As part of my ongoing project to record the stories of all the prisoners held at Guantánamo, I’ve just posted the tenth of 12 additional online chapters supplementing my book The Guantánamo Files: The Stories of the 774 Detainees in America’s Illegal Prison (published by Pluto Press, and available from Amazon here and here). This additional chapter complements Chapter 13 of The Guantánamo Files, looking at the stories of 12 prisoners not mentioned in the book, either because their stories were not available at the time of writing, or to keep the book at a manageable length.
With just two more online chapters to complete (hopefully in the coming week), the mission I set myself three years ago — to record the stories of all the prisoners in Guantánamo — is now within reach, and will be followed by the first definitive prisoner list, identifying not only those who are still held, and those who have been released (and the dates they were released), but also those who have been cleared for release, whose plight is one of the major stumbling blocks to Barack Obama’s promise to close Guantánamo within a year, as the majority of these prisoners cannot be repatriated because of fears that they will be tortured in their home countries.
This tenth chapter encapsulates many of the ongoing problems at Guantánamo in its eighth year of existence. Although three of the 12 prisoners discussed have been released, one returned to Tunisia to face ill-treatment and a jail sentence following a corrupt show trial. In addition, three other prisoners are amongst those who have been cleared but cannot be repatriated, and the other six demonstrate some of the fundamental problems with the government’s evidence that have plagued many other prisoners, as claims of their involvement with terrorism rub up against other exculpatory material, with no clear indication as to which sources are the most trustworthy.
However, based on a close examination of the government’s allegations over the last three years, my conclusion, as I explain in the introduction to this online chapter, is that the majority of the supposed evidence consists primarily of dubious allegations made by other prisoners, which, as Judge Richard Leon recently demonstrated in two sets of habeas corpus cases, does not stand up to any kind of independent scrutiny. Rather than indicating terrorist involvement, as intended, these allegations tend, instead, to demonstrate “how the Bush administration tried to build cases against prisoners based not on evidence that led to their capture but on interrogations — often in deeply unpleasant circumstances — that were designed to justify rounding them up in the first place.”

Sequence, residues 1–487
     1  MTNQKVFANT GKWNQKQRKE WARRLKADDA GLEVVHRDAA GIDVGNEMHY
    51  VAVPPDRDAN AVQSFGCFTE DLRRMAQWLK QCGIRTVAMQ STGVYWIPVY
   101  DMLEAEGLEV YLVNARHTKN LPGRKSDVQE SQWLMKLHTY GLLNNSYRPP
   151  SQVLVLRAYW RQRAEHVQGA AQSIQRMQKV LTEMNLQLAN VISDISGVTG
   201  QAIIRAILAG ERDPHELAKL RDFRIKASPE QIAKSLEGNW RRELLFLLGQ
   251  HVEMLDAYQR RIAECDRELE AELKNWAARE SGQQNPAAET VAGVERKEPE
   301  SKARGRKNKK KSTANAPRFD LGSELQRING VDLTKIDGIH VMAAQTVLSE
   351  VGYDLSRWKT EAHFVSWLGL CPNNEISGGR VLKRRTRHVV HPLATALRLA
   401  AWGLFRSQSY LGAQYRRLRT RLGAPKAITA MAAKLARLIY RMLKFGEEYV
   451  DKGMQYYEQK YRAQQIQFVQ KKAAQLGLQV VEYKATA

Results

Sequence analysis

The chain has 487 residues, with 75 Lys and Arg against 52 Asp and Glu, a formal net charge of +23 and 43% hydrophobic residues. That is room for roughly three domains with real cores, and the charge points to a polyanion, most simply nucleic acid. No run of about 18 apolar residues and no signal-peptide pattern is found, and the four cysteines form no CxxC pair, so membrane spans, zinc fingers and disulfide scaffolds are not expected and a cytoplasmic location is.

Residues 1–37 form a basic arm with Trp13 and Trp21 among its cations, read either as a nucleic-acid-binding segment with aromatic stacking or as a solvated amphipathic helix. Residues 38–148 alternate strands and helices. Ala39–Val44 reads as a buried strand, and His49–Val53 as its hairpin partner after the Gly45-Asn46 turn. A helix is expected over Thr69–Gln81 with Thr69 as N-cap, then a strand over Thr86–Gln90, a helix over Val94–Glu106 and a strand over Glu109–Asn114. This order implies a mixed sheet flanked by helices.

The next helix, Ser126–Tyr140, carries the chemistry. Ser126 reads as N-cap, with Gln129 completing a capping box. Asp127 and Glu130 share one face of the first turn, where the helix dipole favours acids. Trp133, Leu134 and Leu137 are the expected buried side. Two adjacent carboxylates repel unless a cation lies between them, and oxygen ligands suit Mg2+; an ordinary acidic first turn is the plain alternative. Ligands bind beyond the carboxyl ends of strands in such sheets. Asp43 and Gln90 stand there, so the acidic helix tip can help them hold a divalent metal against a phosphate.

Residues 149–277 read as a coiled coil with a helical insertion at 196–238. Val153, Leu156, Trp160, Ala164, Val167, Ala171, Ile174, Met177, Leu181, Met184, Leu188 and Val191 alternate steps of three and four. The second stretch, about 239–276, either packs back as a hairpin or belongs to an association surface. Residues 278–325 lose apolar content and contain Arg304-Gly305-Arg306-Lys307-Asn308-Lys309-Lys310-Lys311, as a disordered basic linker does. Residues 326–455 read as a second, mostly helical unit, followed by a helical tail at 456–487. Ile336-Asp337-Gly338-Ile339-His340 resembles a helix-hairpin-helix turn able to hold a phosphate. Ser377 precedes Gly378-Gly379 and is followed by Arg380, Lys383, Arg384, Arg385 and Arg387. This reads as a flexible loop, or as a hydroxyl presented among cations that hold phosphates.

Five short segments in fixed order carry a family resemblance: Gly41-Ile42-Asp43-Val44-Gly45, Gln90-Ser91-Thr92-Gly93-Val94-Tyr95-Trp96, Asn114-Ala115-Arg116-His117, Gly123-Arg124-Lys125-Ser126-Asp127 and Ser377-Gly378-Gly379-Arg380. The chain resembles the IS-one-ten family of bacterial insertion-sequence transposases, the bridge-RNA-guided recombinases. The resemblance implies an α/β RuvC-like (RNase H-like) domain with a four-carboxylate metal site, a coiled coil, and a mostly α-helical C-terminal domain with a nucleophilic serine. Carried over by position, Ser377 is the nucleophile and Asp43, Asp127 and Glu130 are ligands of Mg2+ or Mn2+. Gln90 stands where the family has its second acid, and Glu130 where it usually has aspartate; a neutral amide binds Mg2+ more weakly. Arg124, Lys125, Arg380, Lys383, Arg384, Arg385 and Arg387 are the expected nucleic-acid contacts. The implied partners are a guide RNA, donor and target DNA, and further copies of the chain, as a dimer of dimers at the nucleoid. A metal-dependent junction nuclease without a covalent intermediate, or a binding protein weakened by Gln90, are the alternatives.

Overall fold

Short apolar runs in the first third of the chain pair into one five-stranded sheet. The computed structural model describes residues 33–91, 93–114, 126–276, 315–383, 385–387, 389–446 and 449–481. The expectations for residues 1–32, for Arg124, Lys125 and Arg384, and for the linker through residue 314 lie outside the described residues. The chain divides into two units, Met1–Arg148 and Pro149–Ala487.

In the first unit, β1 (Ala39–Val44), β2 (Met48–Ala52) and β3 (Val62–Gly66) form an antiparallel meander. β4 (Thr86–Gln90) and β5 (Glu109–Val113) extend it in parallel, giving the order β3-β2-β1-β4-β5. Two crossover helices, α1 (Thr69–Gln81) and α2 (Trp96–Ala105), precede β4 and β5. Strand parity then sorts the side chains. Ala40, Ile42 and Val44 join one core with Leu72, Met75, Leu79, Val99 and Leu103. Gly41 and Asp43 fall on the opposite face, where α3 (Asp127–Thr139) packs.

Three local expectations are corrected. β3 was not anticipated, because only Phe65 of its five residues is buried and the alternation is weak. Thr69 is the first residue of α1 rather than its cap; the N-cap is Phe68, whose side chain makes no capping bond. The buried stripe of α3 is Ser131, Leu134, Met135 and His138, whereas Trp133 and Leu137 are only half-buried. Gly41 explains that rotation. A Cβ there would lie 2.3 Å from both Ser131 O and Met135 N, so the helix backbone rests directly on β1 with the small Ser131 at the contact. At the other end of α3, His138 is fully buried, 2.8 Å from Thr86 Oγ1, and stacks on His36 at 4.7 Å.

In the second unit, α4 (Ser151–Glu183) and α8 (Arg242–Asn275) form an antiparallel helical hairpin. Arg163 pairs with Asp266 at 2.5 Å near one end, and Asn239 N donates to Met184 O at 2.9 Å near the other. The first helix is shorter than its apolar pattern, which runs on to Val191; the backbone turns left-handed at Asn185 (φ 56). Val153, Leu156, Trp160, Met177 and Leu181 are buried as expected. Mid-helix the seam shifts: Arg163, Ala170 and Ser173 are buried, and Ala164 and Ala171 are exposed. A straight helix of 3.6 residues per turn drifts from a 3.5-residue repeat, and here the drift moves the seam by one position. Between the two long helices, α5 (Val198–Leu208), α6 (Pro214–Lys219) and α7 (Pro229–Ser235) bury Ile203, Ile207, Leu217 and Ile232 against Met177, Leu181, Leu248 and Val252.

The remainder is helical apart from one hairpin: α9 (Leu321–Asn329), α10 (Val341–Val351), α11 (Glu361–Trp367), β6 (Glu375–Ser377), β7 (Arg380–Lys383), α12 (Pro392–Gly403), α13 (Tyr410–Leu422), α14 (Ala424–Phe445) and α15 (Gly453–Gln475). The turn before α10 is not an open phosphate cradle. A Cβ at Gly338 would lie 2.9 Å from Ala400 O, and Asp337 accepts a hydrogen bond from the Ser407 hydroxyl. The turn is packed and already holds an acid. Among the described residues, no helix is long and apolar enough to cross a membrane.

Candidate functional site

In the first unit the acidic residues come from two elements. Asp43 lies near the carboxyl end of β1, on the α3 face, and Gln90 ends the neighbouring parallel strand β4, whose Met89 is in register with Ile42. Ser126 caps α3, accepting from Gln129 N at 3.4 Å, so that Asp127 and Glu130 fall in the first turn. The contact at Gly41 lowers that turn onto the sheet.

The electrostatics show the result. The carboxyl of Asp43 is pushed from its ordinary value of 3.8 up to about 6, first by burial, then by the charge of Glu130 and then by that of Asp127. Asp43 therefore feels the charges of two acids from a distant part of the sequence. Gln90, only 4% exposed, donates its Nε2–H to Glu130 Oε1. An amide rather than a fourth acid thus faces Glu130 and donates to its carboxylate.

Note: See the column on the left for the first nine online chapters, and the last two.
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Great. First we put our captives in a pressure cooker and then punish them when they succumb to the laws of physics. Disgusting methods. It’s so desperately wrong to have treated men like this, men that have never harmed us, who may have even admired the United States and aspired to be part of what is best about us.
Whatever we can do to restore the luster to their eyes, to make erect their posture, to help them regain and even surpass their own visions of themselves as men in a world that doesn’t hate and scorn them, we must immediately do. Every single day that goes by in which we abandon them to their reduced spiritual circumstances contributes to the further erosion of any sense of confidence and possibility about how to go on enduring their lives in prison. And worse, it confounds their ability to envision themselves as free, upright, and desired members of any human society.
The government of the United States must declare its intention to the men in a direct and completely unambiguous way. So that these men, beloved members of our human community, can begin to dream new dreams, dreams of wholeness and even heroism.
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